A Kingdom in Crisis
He also ordered the seizure and destruction of copies of the book. The order was published in the Royal Gazette on Wednesday.
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The book is not the first to be banned after being deemed critical of the royals. Mr Marshall was not immediately available for comment.
Great for publicity! In simple terms, the core myth is that the king is a unifying, integrating and benevolent force in Thai society.
It certainly is a myth-busting tour-de-force showing how Thai kings, and the elites that surround them, have regularly generated political crises, which also reflect competition between narrow sectional interests. However, whether or not the book will achieve its myth-busting objective is hard to tell. By contrast, those who subscribe to the royal mythology will probably be confirmed in their view that unsympathetic Westerners like MacGregor Marshall are determined to slander the royal institution.
Given the centrality, and boldness, of this claim, MacGregor Marshall has surprisingly little to say about it. MacGregor Marshall starts this section by categorically rejecting the conventional wisdom that Crown Prince Vajiralongkorn will take the throne following the passing of his father. So what are the secrets that are revealed in these central chapters? From my reading there are three.
A Kingdom in Crisis : Thailand's Struggle for Democracy in the Twenty-First Century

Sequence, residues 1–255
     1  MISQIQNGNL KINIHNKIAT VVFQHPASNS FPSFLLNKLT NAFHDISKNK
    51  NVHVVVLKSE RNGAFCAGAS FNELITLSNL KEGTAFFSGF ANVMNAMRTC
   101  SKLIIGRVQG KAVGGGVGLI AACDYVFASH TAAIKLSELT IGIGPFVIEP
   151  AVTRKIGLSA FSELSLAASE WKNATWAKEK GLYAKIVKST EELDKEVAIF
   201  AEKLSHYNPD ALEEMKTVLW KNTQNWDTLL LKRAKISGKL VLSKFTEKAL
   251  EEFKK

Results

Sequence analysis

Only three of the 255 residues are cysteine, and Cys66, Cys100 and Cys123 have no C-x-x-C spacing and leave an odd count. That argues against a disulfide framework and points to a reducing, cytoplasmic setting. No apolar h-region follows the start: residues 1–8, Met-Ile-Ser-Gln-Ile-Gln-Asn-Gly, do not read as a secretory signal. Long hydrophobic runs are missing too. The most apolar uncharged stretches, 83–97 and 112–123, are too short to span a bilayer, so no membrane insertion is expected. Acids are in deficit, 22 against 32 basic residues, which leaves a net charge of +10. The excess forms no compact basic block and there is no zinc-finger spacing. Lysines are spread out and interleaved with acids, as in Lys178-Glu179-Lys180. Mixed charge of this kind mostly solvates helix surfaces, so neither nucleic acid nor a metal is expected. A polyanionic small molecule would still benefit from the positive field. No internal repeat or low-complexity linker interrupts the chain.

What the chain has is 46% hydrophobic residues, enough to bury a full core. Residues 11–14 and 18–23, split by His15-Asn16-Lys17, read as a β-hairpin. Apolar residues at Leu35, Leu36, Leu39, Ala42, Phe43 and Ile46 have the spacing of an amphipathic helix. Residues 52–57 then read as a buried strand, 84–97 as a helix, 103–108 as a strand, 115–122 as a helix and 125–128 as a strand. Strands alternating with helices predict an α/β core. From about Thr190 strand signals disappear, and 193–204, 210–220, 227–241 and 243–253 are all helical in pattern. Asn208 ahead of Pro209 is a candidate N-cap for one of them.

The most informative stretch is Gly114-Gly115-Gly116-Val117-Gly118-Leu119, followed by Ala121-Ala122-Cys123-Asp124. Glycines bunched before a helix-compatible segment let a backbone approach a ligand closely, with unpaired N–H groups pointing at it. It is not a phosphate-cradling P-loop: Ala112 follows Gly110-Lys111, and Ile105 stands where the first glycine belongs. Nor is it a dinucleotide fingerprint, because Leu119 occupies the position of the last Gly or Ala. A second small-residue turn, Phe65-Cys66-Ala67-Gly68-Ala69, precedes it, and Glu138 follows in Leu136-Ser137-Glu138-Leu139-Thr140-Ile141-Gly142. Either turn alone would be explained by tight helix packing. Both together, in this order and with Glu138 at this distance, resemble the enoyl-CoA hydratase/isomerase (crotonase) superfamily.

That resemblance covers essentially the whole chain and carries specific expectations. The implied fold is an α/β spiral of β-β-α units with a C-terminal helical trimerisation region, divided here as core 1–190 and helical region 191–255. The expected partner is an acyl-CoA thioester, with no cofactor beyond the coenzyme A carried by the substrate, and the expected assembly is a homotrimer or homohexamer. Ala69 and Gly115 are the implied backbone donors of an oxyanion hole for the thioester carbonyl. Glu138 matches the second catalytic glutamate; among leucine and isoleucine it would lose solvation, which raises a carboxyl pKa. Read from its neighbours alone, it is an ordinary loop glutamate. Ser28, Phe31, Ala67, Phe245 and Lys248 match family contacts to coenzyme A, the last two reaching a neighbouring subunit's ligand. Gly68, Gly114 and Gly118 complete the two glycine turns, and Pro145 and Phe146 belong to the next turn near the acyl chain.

First, that going back centuries, royal succession in Southeast This seems to me a highly unlikely scenario, given the intensity of popular struggle against elitist forms of rule, and the intransigence of Thai elites in trying to maintain them. Perhaps Marshall can be excused for not having written such acts of deep repression into his analysis, or for drawing the conclusion that such acts make near-term reconciliation seem hopeless.
Yet an analysis of the popular struggle in Thailand—rather than just the intra-elite succession struggle—might have already commended such an interpretation, independently of the coup. Strangely, the book lacks any analysis of the Yellow Shirt airport blockades, which also attest to the intransigence of elite forces and might have warned against any hopes for short-term reconciliation.
It will certainly find its place on the bookshelves of Thai democracy activists—provided they do not live in Thailand. Pacific Affairs. Book Reviews , Southeast Asia.